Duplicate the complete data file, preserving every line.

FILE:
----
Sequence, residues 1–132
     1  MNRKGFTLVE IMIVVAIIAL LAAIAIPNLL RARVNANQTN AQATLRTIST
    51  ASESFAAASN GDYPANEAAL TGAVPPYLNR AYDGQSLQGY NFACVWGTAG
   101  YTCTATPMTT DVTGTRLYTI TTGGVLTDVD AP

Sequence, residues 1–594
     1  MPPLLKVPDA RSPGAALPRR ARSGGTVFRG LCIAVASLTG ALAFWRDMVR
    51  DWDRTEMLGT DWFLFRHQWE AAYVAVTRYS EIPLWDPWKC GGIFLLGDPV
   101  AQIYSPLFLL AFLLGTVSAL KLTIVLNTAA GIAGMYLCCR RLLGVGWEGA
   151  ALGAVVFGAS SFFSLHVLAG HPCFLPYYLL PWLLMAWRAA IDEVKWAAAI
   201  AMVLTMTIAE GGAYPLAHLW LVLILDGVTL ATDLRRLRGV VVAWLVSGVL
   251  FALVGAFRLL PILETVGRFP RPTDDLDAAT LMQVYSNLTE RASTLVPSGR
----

Sequence, residues 1–132
     1  MNRKGFTLVE IMIVVAIIAL LAAIAIPNLL RARVNANQTN AQATLRTIST
    51  ASESFAAASN GDYPANEAAL TGAVPPYLNR AYDGQSLQGY NFACVWGTAG
   101  YTCTATPMTT DVTGTRLYTI TTGGVLTDVD AP

Sequence, residues 1–594
     1  MPPLLKVPDA RSPGAALPRR ARSGGTVFRG LCIAVASLTG ALAFWRDMVR
    51  DWDRTEMLGT DWFLFRHQWE AAYVAVTRYS EIPLWDPWKC GGIFLLGDPV
   101  AQIYSPLFLL AFLLGTVSAL KLTIVLNTAA GIAGMYLCCR RLLGVGWEGA
   151  ALGAVVFGAS SFFSLHVLAG HPCFLPYYLL PWLLMAWRAA IDEVKWAAAI
   201  AMVLTMTIAE GGAYPLAHLW LVLILDGVTL ATDLRRLRGV VVAWLVSGVL
   251  FALVGAFRLL PILETVGRFP RPTDDLDAAT LMQVYSNLTE RASTLVPSGR